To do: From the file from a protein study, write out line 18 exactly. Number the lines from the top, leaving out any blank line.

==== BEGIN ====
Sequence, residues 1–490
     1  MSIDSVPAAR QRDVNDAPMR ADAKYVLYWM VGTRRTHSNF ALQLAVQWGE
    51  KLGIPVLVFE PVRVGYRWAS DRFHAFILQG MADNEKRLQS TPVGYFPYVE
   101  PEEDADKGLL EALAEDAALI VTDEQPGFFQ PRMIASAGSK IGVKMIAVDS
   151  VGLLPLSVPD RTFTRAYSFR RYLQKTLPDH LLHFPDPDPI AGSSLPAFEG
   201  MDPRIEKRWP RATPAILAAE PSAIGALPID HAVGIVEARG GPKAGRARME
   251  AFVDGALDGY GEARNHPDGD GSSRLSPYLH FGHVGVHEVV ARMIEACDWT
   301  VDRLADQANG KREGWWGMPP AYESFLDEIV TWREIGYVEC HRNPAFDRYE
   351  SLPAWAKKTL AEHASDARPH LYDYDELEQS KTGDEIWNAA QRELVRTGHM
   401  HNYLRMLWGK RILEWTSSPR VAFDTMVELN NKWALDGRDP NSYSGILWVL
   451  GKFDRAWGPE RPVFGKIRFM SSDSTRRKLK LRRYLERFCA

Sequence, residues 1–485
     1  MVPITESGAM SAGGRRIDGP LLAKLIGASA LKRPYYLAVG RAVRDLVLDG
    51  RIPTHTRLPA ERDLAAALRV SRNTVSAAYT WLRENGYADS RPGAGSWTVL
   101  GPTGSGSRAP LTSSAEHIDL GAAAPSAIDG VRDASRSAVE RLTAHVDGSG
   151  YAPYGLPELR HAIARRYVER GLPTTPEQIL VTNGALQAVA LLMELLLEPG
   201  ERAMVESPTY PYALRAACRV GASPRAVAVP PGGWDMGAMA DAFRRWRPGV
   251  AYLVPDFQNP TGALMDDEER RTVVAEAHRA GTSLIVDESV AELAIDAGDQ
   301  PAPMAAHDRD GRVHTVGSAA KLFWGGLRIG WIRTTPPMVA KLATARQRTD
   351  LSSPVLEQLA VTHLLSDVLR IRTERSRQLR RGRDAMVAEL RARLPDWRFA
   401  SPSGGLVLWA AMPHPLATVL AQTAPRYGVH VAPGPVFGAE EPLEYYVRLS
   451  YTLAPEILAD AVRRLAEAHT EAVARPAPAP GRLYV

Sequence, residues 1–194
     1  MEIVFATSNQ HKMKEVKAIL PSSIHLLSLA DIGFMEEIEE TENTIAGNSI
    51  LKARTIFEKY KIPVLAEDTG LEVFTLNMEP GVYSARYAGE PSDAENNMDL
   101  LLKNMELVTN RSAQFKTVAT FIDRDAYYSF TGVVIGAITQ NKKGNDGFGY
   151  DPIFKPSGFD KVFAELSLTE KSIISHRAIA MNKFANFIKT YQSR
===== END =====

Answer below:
   251  AYLVPDFQNP TGALMDDEER RTVVAEAHRA GTSLIVDESV AELAIDAGDQ